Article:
Compact Air Filter design suggestion

I can only speak for myself, but I’m sure I’m not alone on this one. I purchased the Glowforge Pro with the compact air filter with the intention of using it on a daily basis and in most cases, all day. I mean the Pro title alone indicates you’re taking this beyond a hobby/enthusiast level. I made this purchase to start a small business. Additionally, I don’t have the option at the moment to vent outside. After just a few weeks of fairly intense use, we have discovered that the air filter is already full. And with the replacement air filters currently out of stock, our small business venture has come to a complete stop. It’s actually a little nauseating considering how much money we have invested in this equipment and materials.

We had to learn a few things the hard way.

  1. We didn’t let the air filter run after the job was done. This should be more clearly communicated in the setup tutorial.
  2. We weren’t aware that some materials clogged the filter faster than others. Again, I know the documentation is there, but this needs to be better communicated.
  3. The air filter cartridge cannot be cleaned or recycled. I find it especially disturbing that the cartridge is not made of a biodegradable or recyclable material. It is not a good feeling knowing my only option is to throw this thing in the trash.

While I am trying to figure out some kind of temporary “homemade” solution for an air filter and realizing how much these frequent filter changes are going to eat into my profit margin, I feel compelled to challenge the Glowforge team to do this air filter thing better.

You’ve managed to engineer a pretty amazing piece of equipment and the design of this air filter leaves a lot to be desired. I have two major requests.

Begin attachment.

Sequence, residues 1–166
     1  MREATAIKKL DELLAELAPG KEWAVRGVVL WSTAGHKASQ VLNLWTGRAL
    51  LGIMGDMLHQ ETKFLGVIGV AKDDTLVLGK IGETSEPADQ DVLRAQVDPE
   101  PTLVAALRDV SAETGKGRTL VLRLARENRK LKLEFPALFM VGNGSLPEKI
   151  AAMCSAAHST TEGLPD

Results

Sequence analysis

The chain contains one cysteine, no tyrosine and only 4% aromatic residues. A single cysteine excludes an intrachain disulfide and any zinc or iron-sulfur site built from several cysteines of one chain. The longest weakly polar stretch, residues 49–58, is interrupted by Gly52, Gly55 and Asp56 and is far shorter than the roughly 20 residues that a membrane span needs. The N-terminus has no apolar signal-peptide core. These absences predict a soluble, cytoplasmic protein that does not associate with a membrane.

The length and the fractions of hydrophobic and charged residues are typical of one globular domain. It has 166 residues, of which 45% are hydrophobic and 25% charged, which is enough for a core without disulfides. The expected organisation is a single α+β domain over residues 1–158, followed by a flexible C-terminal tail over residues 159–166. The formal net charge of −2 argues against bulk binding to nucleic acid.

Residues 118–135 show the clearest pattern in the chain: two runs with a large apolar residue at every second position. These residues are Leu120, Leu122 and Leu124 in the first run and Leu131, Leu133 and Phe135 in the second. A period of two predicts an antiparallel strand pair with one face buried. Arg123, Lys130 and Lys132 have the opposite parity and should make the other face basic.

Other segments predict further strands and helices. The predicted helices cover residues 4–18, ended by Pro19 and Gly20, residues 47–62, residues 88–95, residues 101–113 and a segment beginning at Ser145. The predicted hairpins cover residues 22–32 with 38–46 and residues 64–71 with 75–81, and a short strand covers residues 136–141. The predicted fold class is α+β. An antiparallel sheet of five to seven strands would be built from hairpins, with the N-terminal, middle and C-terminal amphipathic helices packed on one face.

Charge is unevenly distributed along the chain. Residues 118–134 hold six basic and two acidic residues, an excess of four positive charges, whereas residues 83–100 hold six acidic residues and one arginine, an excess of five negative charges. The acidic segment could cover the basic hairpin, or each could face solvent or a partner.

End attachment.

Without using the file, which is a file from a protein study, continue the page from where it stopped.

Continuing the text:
1. Provide the filter cartridge in layers. Allow us to replace the filter layers independently. Clearly, the top filter which collects the most particles would require changing more frequently. Then the second layer less frequently, and the final layer which captures fumes and gases to be replaced the least frequently. It seems wasteful to lock all these components into a metal box which forces us to replace it all at once.
  2. Make it recyclable. Maybe I don’t understand something because I’m not an engineer but I can’t see why a metal casing is even necessary. Why can’t it be made of a biodegradable material or recyclable plastic?

I’m sorry for the rant, but I’m just feeling really frustrated and I know I’m not the only one.

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Do what others do to extend the life of their filter cartridge, add a pre-filter.

Add 1/2" of carbon filter material to the top of the filter cartridge, and replace the pre-filter layers every 1-2 hours of operating time. Continue to follow the normal use suggestions, running the filter before and after you’re actually cutting, but you’ll be replacing the pre-filter instead of blowing through cartridges. I purchased a couple of sheets of filter material from Amazon and cut it into pieces that fit snugly atop the filter cartridge. I change them out every 1-2 hours and have been using the same filter cartridge daily,
for the past 4 months now.

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considering what the filter may be filling up with, i don’t think there’s a way to make it recyclable.